Yeah, I'll add to that. All of our business comes from word of mouth, and it's from that relationship we build with that initial customer and then they go and tell other people about it. That speaks a lot, like John said, to our guys, too, and how it's not just whoever sells the job. They have a good relationship with them, it's through the whole process and the whole team carries that out, and that's what helps keep all the customer retention that we have.

John Baxter:
And one of the things that when we started the company, we wanted to make sure that... You know, anybody can do a job, but it's about those finer details at the end of the job that make the job a job well done. That's why we're always stressing to our guys, make sure you're always going above and beyond to find those things that make the job well done, that customers are pleased and excited to come home to something.

Ben Filchak:
Exceed expectations is what we always say.

Sean McCormick:
Yeah. That's awesome. Well, it sounds like you've built a great team and they're rallied around that vision that you mentioned earlier. And you've been able to do that in light of your challenges with labor, so that kind of leads to my next question. I often hear that, and I see this firsthand, that obviously getting good labor and a good team together is the biggest challenges facing the industry. What would you say are some of the biggest challenges facing the industry today?

John Baxter:
Labor. Yeah, labor.

Sean McCormick:

How do you guys overcome that?

John Baxter:
By far that's probably our number one challenge. So obviously trying to provide a company that people enjoy coming to, having a purpose greater than just themselves, that's some of it. We also use a visa program where we bring people in from a different country to come work for us during the peak time of the year, and that helps kind of alleviate some of the stress of some of our crew leaders and crew members, and just kind of provide a little bit better atmosphere for everybody.

Ben Filchak:
We offer health insurance for people that have been with us over 90 days, which we don't have to. We only have have 30 employees, but offering perks like that, paid time off, sick days. Making it a place that they feel like they have a career, not just a job, somewhere they want to be for a long time, has helped us get new people and keep the people that we have.

Sean McCormick:
Yeah, totally, that retention side of things. What you guys are saying, offering that health insurance after 90 days, a lot of those other perks, I don't see that as being very common in the industry. So you're certainly on to something with offering that, both with recruiting and with retention.

John Baxter:
For sure. That's one of those things, you know, we want to care for our employees. It's not just about us here. If we don't have our employees happy, then we're not going to be successful and our customers aren't going to be happy. But we just want that whole thing to kind of come together and everybody join up and be successful.

Sean McCormick:
Awesome. Well, good stuff, guys. So that's one of the biggest challenges that you see today. What about moving forward into the future? Any challenges that you see on the horizon and any kind of ways that you guys are planning on addressing them?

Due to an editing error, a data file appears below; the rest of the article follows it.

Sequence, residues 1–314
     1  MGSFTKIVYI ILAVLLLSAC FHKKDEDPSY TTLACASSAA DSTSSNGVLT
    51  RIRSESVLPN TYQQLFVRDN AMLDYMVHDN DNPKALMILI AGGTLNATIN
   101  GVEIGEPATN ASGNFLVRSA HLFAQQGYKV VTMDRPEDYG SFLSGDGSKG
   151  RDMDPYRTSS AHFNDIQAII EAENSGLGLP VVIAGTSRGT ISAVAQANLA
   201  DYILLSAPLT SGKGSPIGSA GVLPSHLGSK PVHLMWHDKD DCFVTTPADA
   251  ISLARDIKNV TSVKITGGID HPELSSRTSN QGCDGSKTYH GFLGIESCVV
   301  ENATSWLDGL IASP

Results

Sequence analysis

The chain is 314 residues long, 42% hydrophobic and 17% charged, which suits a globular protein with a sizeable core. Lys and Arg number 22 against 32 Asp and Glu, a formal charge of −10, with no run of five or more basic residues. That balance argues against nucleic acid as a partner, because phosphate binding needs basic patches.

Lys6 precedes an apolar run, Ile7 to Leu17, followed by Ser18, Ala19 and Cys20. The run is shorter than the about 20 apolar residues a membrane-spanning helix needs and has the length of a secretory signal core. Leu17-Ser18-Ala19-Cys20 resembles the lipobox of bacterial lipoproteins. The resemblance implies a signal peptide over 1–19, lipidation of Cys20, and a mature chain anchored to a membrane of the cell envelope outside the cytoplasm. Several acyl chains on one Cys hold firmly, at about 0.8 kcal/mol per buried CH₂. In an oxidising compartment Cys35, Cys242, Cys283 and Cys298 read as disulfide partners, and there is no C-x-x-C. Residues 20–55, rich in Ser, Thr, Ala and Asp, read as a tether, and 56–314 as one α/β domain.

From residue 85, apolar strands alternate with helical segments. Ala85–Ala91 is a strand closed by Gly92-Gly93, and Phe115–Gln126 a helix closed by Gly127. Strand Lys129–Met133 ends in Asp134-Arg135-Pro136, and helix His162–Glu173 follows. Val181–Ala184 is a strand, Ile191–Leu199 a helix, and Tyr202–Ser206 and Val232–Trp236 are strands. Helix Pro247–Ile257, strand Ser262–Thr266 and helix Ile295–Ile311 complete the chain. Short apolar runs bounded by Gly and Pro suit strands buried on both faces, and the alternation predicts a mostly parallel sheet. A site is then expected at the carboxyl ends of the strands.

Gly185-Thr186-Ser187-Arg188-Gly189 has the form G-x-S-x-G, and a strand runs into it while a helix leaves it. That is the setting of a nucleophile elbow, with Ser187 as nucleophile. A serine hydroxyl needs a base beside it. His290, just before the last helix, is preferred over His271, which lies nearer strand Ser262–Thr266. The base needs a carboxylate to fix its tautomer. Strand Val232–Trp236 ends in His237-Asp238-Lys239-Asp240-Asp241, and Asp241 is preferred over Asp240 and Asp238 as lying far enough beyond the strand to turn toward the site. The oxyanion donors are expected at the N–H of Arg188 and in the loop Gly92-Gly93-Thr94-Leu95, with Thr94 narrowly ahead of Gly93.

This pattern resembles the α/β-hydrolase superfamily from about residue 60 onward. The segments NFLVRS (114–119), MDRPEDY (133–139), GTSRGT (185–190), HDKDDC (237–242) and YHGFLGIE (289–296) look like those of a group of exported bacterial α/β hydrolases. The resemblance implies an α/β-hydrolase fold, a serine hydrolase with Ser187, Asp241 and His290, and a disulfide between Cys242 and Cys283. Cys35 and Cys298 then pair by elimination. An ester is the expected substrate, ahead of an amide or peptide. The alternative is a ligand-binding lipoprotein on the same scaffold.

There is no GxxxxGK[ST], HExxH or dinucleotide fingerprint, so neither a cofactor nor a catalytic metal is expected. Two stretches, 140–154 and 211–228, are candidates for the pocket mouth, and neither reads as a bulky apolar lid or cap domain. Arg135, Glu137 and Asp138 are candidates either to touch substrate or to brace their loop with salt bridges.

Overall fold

John Baxter:
I think for sure technology, as it progresses into the future. The green industry has been... Some of it's been pretty... Technology has been somewhat absent in that industry. We were at a trade show last week, and just seeing all the things that are moving towards electric. I mean, the technology's starting to make its way into the green industry, so staying on top of that kind of stuff. Making sure we're able to add value to our customers that way, just kind of slowly getting them caught up to where they are on the rest of their lives as far as their landscapes are concerned. So that, and what else would you say?

Ben Filchak:
Regulations-

John Baxter:
Yeah, regulations.

Ben Filchak:
-are always a possible threat. Right now it seems to be okay, but who knows what could happen, and things could get... Especially like fuel and things like that. Emissions could start getting heavily regulated and you have to switch out the type of equipment you use and all sorts of things. So at least being kind of in touch with what's going on or what could happen so you don't get blindsided by it.

Sean McCormick:
Yeah, staying prepared is huge.

Ben Filchak:
Yep.

Sean McCormick:
Well, awesome responses. So you kind of already mentioned, John, technology is being something that you see both as a challenge, but also be a solution moving forward in the future. How does your business address challenges that led you to look at this management software?

John Baxter:
We started out years ago using just QuickBooks, and so all of our invoices were coming in, but as we progressed, as we added more crews in place, we just knew that keeping paper records of everything was just not going to do the deal. We also do turf treatments as well, so we have a number of things that need to be... You know, chemicals need to be kept track of as far as what we put out on people's yards. So we determined pretty quickly that if we want to move forward and be able to communicate with our customers effectively and keep accurate records, we need to have some kind of software that would provide a vehicle for that. So that's kind of where we started to search for that kind of platform.